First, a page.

The Cassini spacecraft has seen a 50-mile-diameter impact crater on Titan with different instruments on separate flybys, giving scientists new information on impact-crater formation on Saturn's giant moon.
They've released a composite image of one of Titan's most prominent impact craters as previously seen by Cassini's radar and recently seen by its Visual and Infrared Mapping Spectrometer (VIMS).
The radar image was taken during the Cassini spacecraft's Feb. 15, 2005 Titan flyby, and the VIMS images were taken during its April 16, 2005 Titan flyby, said Robert H. Brown of The University of Arizona, head of the VIMS experiment.
Brown released the composite image at the European Geosciences Union meeting in Vienna, Austria, on Monday (April 25).
The crater seen on Titan by both radar and VIMS is more than 50 times larger than Meteor Crater in northern Arizona.
In radar, the crater and its ejecta blanket are bright. In radar, brighter surfaces mean rougher terrains, or else terrains tilted towards the radar. At VIMS infrared wavelengths, the crater appears dark and the ejecta blanket is bright, showing that the crust on the crater floor is different material than the ejecta.
"The composite image highlights the differences and similarities in how two instruments see the same thing," Brown said. "It shows the power of combining instruments when you are trying to understand objects in the Saturnian system."
VIMS is essentially a camera that takes pictures in 352 different colors at the same time. The colors cover the visible spectrum and into the infrared, or from three-tenths of a micron up to five and one-tenth microns. (A micron is one millionth of a meter.) Scientists can identify the chemical composition of the surfaces, atmospheres and rings of Saturn and its moons using VIMS.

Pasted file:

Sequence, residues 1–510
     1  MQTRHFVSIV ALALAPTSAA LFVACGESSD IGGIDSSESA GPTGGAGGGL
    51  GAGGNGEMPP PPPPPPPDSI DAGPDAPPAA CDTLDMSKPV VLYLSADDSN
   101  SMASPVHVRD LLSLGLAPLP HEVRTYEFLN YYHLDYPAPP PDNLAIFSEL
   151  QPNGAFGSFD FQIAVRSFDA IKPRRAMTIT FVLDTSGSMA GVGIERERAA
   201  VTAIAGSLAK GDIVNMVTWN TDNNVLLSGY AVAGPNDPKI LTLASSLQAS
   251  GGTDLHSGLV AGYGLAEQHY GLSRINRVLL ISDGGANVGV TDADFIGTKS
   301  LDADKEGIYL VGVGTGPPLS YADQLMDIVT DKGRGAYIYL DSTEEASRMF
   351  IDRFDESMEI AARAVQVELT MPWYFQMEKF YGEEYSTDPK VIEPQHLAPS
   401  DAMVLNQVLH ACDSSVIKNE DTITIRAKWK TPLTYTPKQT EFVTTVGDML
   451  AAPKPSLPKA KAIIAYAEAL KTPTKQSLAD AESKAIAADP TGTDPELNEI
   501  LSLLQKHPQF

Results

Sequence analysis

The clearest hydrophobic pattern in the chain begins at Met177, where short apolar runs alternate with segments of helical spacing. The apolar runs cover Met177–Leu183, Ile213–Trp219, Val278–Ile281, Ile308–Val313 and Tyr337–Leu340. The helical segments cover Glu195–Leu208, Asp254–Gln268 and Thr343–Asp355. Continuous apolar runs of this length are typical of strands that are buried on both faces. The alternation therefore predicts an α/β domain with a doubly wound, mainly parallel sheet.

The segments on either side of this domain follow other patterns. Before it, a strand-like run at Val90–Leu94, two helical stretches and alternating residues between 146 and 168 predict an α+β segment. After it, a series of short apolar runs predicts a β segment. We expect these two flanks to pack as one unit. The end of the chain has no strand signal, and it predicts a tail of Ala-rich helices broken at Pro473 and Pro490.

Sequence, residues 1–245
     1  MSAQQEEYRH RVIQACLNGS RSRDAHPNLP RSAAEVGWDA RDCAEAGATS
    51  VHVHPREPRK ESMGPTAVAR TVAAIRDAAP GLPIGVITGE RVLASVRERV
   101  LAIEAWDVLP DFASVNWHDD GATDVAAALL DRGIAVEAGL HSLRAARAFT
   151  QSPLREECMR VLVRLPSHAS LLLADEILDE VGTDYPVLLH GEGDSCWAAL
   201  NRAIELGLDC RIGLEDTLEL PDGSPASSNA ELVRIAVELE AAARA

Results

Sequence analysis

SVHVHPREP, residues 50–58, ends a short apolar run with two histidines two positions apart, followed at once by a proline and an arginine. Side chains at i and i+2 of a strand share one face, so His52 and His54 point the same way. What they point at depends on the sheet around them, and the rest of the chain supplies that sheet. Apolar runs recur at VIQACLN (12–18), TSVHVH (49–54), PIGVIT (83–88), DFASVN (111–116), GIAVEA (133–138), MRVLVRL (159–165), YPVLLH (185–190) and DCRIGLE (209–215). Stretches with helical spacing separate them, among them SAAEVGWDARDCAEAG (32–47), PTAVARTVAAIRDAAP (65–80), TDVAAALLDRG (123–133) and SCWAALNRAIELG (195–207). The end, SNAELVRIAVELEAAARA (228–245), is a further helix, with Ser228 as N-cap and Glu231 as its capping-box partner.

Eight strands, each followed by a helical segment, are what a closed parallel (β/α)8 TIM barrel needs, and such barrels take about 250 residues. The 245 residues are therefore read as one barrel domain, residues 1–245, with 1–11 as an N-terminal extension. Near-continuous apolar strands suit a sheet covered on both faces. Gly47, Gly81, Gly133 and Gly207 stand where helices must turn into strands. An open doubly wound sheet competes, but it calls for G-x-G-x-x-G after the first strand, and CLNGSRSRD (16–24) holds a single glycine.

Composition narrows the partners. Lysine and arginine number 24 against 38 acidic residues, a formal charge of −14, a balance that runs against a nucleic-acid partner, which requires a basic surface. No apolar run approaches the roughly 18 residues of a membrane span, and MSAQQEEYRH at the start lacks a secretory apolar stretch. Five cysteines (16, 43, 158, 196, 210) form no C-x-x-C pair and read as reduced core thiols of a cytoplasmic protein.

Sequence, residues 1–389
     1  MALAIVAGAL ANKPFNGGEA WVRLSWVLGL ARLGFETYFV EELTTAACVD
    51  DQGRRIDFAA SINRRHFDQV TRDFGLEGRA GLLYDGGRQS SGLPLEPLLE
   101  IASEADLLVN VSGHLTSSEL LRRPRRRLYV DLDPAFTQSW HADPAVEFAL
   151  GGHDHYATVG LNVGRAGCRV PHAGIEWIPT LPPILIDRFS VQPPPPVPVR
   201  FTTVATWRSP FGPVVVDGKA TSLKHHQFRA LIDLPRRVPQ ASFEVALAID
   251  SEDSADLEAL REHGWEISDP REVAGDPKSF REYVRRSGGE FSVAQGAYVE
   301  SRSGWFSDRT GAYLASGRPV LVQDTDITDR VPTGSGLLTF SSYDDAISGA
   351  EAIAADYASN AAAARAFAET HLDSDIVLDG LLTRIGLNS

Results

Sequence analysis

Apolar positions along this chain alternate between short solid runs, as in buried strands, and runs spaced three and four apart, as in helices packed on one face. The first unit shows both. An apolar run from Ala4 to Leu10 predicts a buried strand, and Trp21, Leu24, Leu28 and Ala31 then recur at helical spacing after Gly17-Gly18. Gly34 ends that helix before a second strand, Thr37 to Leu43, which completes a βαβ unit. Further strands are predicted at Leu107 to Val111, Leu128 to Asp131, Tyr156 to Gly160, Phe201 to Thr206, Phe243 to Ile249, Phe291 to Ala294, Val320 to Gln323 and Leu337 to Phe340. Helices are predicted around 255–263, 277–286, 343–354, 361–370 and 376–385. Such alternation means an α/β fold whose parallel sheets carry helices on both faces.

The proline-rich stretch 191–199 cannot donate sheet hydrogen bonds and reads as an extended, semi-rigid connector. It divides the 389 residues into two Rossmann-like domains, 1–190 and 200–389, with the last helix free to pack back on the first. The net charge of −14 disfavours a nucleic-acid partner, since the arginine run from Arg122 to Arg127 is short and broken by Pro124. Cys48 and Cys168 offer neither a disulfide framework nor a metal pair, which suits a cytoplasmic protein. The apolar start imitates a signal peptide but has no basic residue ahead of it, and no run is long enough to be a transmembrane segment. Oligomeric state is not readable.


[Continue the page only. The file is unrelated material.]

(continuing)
Cassini began a 4-year-or-more exploratory tour of the Saturn system in July 2004. It has seen two impact craters on Titan so far.
Subscribe To SpaceDaily Express
Cassini Finds Particles Near Saturn's Moon Enceladus
Pasadena CA (JPL) Apr 26, 2005
The Cassini spacecraft has discovered intriguing dust particles around Saturn's moon Enceladus. The particles might indicate the existence of a dust cloud around Enceladus, or they may have originated from Saturn's outermost ring, the E-ring.
|The content herein, unless otherwise known to be public domain, are Copyright 1995-2016 - Space Media Network. All websites are published in Australia and are solely subject to Australian law and governed by Fair Use principals for news reporting and research purposes. AFP, UPI and IANS news wire stories are copyright Agence France-Presse, United Press International and Indo-Asia News Service. ESA news reports are copyright European Space Agency. All NASA sourced material is public domain. Additional copyrights may apply in whole or part to other bona fide parties. Advertising does not imply endorsement, agreement or approval of any opinions, statements or information provided by Space Media Network on any Web page published or hosted by Space Media Network. Privacy Statement All images and articles appearing on Space Media Network have been edited or digitally altered in some way. Any requests to remove copyright material will be acted upon in a timely and appropriate manner. Any attempt to extort money from Space Media Network will be ignored and reported to Australian Law Enforcement Agencies as a potential case of financial fraud involving the use of a telephonic carriage device or postal service.|